How to avoid chemicals in your food packaging
What do a tin of organic tomatoes, a packet of crisps and a carton of oat milk all have in common? They are all packaged in materials containing chemicals that can migrate into the food and drink contained inside.
Food packaging is a veritable minefield. There are so many different types of packaging: metals, paper, glass, plastic in all its many forms – and a whole other swathe of multi-material packaging. This includes the metal top of a glass beer bottle that contains a plastic (foamed polyethylene or plastisol) sealant, an aluminium fizzy drink can lined with a plastic coating or Tetra Pak milk cartons made with paperboard, aluminium and polyethylene.
EU rules state that any ‘food contact material’ should not release chemicals into the food or drink in quantities that could harm our health. Unfortunately, these rules are not as robust as they should be. For example, single-use plastics transmit phthalates to our food via contact and heating, which is not good news.
63 hazardous chemicals
Scientists have found that many of the 8,000 chemicals used to manufacture packaging in Europe have not been thoroughly tested for toxicity. For plastic packaging, chemicals can be added to make them more flexible, boost their resistance to heat and sunlight, or add colour – and most of these can easily leach into the food they touch. The Zero Waste Europe policy brief on ‘safe food contact materials’ notes that 68 of the chemicals that can be added to plastics are hazardous to our environment, and 63 are hazardous to our health.
What you might find surprising is that single-use of plastic is not the only culprit. Food tins are coated with a lacquer that can contain epoxy resin to prevent oxidisation, paper and cardboard can be bleached with chemicals, and ink printed on cardboard can contain chemicals that leach through.
The good news is that the EU is due to revise its current ‘food contact material’ rules, and an entire coalition of NGOs, including Zero Waste Europe, are working toward protecting us against chemicals leaching into our food.
Four ways to avoid chemicals leaching into food
In the meantime, here are four ways to limit your exposure to chemicals in food packaging – and take positive action.
Individual steps you can take to limit your exposure:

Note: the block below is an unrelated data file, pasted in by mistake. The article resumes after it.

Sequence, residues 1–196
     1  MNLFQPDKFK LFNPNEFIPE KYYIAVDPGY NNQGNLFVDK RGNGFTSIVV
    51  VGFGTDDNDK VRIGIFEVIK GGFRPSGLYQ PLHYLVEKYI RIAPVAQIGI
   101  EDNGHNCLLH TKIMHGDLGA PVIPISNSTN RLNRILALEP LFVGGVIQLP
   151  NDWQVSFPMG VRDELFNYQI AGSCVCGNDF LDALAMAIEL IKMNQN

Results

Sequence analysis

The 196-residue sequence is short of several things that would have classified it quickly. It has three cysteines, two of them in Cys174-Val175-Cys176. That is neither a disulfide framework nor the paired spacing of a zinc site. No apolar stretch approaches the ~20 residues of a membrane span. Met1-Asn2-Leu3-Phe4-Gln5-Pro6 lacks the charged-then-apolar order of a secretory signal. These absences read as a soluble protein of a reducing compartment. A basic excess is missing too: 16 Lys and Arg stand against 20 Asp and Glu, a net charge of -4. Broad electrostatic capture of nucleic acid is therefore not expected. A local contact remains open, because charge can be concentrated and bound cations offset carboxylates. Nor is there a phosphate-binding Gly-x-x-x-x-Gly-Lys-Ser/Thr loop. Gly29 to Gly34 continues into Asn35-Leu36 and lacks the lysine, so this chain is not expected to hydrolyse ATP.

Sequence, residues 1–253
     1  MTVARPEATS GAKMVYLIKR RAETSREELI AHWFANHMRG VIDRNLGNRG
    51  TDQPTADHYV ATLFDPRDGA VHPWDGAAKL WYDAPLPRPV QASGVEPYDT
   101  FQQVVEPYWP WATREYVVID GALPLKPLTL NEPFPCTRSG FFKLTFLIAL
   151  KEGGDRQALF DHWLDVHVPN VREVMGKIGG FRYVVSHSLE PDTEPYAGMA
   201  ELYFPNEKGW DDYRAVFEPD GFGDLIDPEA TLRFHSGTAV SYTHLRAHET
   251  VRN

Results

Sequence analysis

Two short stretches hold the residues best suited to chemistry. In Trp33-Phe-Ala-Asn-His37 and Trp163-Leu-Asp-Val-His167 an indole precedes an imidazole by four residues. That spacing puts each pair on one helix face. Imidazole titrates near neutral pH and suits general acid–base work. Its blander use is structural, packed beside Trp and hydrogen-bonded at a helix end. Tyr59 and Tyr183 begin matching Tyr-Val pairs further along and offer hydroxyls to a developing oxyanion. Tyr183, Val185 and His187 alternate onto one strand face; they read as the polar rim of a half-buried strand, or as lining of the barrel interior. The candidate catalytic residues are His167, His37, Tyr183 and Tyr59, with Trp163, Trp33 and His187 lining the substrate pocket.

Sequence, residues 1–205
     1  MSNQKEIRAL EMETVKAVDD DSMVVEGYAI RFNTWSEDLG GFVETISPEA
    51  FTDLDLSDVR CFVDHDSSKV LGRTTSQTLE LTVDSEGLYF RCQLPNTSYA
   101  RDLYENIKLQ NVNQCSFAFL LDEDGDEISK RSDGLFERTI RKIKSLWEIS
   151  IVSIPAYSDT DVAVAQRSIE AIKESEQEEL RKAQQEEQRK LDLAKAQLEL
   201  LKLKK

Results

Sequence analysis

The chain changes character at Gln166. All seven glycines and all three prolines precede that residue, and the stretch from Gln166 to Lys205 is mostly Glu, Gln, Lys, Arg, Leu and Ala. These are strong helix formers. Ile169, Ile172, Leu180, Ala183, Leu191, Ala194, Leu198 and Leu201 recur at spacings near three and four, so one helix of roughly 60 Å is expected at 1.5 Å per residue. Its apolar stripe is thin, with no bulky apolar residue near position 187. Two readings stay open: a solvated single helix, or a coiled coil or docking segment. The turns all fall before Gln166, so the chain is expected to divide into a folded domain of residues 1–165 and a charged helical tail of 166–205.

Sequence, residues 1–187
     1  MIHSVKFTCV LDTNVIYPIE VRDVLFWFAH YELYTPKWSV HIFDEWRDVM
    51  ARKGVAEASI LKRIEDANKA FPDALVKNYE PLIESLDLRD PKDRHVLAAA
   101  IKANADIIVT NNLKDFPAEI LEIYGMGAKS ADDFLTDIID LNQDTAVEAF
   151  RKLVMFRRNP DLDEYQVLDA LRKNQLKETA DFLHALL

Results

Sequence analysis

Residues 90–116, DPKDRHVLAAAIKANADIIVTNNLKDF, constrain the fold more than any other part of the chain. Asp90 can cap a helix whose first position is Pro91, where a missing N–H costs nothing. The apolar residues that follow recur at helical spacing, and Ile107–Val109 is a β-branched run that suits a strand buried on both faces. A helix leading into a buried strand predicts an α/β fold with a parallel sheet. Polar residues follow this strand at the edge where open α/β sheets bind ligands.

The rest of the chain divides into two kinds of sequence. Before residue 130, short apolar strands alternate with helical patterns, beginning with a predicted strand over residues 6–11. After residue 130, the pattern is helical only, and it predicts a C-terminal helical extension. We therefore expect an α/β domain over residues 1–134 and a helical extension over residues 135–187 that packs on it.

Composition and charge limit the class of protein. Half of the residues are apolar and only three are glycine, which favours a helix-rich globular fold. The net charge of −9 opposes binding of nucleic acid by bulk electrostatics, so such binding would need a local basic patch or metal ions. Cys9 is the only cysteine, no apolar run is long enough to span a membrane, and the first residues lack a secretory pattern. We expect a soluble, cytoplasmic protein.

- You’ve guessed it: zero waste shops! Take your own cloth bags and glass containers to refill at packaging-free shops.
- Prioritise materials like glass, ceramics and stainless steel to store food and drink.
- Do not microwave your food in plastic containers – transfer it to a china plate first.
- Avoid anything in tiny, individually wrapped portions like ketchup sachets and mini butter packs.
Actions to take if you want to raise concern:
- Email your favourite brands and tell them you want them to stop using hazardous chemicals in their food packaging.
- Email your decision-makers (ministers, Members of the Parliament and Members of the European Parliament) and ask them to ensure that food packaging in your shops is safe!
Any steps we take to avoid chemicals leaching into food via packaging are also steps that are good for the planet. Taking plastic alone, the average European generates 30kg of plastic packaging waste a year. One-third of this ends up in landfill, another third is incinerated, and the final third which is collected for ‘recycling’ is often exported outside of Europe contributing to the plastic pollution problem in other parts of the world like South-East Asia.
Removing the chemicals in food contact materials is vitally important for both our health and the health of our environment. This is why it’s such a key piece of legislation within the European Green Deal. With the upcoming opportunity for review of the food contact materials legislation, we have the chance to take Europe one step closer towards a truly toxic-free circular economy – no more dangerous chemicals in our food packaging, please!
Do you want to know more?
Read Zero Waste Europe’s latest briefing on food contact materials.
Read Zero Waste Europe declaration of concern on plastic, packaging, & human health.
Read the Zero Waste Europe Feedback on the Farm to Fork Strategy.
Have a look at the food packaging & human health infographics from the Food Packaging Forum.
As the world still fights against COVID-19, we continue working for a future without waste and to build systems that work for both people and the planet. This article is the third chapter of our brand new series telling the story of how a fair food system could help create a zero waste and more sustainable future for all!